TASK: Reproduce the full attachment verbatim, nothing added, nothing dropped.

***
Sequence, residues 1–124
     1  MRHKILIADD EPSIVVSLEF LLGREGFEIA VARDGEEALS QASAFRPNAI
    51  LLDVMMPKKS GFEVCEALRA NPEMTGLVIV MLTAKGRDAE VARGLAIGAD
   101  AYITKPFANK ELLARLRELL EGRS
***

Sequence, residues 1–124
     1  MRHKILIADD EPSIVVSLEF LLGREGFEIA VARDGEEALS QASAFRPNAI
    51  LLDVMMPKKS GFEVCEALRA NPEMTGLVIV MLTAKGRDAE VARGLAIGAD
   101  AYITKPFANK ELLARLRELL EGRS